When I saw the quilt I knew I wanted to do something for babies who died due to miscarriage or early infant death. Fortunately, I met artist Veronica Gray and together we launched the HOPE Canvas. The original canvas had 9 hand-made squares that were made by loved ones in honor of their babies. When the canvas was full I realized that there are hundreds of thousands of babies in the United States alone that die before or just after they are born. So we decided to make the canvas “virtual.”
We have moved the canvas to Instagram and invite you to add a square to honor your babies. This month of October, Pregnancy Loss Awareness Month, is the perfect time to remember your baby by creating a square for the canvas.
Please visit the HOPE Canvas page on this site to get more information on creating and adding your square to the canvas.
I hope you will take the time to remember your baby in this very special way. It can be a healing experience you can share with others, or keep for yourself. We know you keep your baby in your heart and we hope you will make your child a part of the HOPE Canvas.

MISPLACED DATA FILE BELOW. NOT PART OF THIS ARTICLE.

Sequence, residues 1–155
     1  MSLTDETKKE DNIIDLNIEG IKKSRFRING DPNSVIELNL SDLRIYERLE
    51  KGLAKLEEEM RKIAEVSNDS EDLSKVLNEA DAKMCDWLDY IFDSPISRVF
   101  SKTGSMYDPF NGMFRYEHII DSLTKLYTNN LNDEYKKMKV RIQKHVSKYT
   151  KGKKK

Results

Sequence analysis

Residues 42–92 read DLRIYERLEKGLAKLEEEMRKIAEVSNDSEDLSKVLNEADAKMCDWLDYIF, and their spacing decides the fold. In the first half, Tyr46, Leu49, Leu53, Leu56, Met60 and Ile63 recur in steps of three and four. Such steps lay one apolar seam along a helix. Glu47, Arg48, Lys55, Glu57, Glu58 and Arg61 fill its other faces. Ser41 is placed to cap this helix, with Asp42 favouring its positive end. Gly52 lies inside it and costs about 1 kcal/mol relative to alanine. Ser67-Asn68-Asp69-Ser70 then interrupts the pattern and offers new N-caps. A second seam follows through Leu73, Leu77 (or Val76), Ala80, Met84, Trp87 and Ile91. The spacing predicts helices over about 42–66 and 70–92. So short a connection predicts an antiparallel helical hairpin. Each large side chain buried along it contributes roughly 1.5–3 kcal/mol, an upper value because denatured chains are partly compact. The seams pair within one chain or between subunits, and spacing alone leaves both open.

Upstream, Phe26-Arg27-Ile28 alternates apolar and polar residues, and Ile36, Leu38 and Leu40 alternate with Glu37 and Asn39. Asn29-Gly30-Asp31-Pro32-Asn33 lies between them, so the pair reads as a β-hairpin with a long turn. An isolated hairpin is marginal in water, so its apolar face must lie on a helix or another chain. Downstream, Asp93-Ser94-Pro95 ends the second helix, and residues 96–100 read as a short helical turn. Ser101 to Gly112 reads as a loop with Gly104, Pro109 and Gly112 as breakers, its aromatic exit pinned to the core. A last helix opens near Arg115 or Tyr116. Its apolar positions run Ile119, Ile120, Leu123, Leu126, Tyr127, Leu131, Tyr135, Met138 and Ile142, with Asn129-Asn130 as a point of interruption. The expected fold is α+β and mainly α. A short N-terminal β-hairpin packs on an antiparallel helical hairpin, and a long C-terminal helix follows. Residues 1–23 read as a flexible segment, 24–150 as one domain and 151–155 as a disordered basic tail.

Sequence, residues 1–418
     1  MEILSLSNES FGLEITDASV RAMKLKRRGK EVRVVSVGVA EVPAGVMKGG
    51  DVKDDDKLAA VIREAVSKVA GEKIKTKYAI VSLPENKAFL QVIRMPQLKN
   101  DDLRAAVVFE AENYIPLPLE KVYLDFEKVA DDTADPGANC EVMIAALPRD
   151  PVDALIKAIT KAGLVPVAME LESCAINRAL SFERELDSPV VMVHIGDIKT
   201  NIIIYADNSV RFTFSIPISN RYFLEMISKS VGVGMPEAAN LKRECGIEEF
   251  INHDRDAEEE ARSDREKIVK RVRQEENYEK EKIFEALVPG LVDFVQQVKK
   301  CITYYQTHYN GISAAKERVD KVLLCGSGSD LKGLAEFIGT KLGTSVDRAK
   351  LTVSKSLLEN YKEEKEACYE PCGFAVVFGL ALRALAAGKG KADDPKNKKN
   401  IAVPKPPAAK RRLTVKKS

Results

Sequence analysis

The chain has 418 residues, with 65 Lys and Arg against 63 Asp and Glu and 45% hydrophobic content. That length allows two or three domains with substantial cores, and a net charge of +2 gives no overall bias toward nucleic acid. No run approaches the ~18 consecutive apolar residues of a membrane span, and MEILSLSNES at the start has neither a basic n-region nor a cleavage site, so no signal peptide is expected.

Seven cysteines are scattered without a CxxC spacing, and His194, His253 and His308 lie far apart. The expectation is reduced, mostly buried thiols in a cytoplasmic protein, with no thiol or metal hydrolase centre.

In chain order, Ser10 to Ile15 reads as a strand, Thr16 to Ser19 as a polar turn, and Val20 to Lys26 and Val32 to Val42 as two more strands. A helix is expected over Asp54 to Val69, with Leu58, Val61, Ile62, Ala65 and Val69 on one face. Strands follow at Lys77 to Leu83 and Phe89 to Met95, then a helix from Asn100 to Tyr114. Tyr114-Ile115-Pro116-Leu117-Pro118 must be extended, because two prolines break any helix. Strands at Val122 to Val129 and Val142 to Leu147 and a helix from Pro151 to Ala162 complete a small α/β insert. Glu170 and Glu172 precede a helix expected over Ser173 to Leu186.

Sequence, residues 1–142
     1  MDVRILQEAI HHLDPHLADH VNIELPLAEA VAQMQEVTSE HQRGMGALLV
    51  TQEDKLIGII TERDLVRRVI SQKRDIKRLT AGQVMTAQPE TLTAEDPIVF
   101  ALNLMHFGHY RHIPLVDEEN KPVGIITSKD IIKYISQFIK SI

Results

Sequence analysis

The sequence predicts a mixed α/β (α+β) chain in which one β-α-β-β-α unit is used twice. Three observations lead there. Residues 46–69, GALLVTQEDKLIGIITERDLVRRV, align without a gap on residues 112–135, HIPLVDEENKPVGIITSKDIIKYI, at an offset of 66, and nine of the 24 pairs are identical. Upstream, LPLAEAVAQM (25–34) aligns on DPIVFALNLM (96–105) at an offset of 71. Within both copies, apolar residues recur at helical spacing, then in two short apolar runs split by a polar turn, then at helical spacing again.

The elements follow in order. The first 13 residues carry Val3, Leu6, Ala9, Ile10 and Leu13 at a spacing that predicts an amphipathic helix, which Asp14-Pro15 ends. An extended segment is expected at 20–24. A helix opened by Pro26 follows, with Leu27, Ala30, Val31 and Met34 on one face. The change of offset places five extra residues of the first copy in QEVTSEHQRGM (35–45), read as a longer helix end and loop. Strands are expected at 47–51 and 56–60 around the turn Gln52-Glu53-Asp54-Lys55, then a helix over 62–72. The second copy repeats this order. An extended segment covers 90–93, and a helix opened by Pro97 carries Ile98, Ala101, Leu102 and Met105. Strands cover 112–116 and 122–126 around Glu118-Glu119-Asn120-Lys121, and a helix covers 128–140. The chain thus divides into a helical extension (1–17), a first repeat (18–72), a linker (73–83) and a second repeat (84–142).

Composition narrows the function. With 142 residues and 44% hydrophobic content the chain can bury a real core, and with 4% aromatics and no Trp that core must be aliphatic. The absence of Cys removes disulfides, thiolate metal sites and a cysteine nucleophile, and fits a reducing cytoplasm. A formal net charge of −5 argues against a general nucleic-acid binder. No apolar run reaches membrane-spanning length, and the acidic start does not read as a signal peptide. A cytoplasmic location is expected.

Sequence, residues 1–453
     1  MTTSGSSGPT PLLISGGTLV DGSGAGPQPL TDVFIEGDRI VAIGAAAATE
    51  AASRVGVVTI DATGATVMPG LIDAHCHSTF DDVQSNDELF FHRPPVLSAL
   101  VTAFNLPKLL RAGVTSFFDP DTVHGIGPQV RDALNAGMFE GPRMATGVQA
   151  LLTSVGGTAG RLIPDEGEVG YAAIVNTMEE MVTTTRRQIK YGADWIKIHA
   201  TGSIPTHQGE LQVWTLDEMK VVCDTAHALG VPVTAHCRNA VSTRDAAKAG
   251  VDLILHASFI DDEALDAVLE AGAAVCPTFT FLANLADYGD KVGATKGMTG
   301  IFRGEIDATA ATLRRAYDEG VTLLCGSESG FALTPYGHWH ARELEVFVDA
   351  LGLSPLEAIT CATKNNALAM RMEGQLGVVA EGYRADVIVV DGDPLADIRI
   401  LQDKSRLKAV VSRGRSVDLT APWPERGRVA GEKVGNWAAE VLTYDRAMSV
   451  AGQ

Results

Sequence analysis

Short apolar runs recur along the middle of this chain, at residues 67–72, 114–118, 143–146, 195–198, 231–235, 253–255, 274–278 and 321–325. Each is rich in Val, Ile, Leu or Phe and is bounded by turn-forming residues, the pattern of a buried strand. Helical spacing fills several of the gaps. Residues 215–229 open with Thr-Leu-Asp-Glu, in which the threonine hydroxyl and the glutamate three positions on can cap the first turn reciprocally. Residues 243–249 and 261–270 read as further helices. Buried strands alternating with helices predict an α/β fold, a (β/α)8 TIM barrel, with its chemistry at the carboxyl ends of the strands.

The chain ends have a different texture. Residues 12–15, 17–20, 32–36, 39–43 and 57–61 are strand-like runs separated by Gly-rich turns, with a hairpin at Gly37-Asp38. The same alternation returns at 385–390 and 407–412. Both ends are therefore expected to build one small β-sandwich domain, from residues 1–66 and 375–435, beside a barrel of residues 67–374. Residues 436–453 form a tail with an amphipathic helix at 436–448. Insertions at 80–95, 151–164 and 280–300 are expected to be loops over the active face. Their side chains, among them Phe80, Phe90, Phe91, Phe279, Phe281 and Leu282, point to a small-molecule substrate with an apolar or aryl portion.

On October 15, at 7:00 pm in all time zones, families around the United States and across the world will light candles in memory all of the precious babies that have been lost during pregnancy or in infancy. Too many families grieve in silence, sometimes never coming to terms with their loss. We hope you will join us in this national tribute to create awareness of these tragic infant deaths and provide support to those that are suffering.
Congressman Tom Latham of Iowa introduced a House Resolution supporting the Goals and Ideals of Pregnancy and Infant Loss Remembrance Day, October 15th, and calling on the President of the United States to issue a proclamation encouraging the American people to honor this special day of remembrance.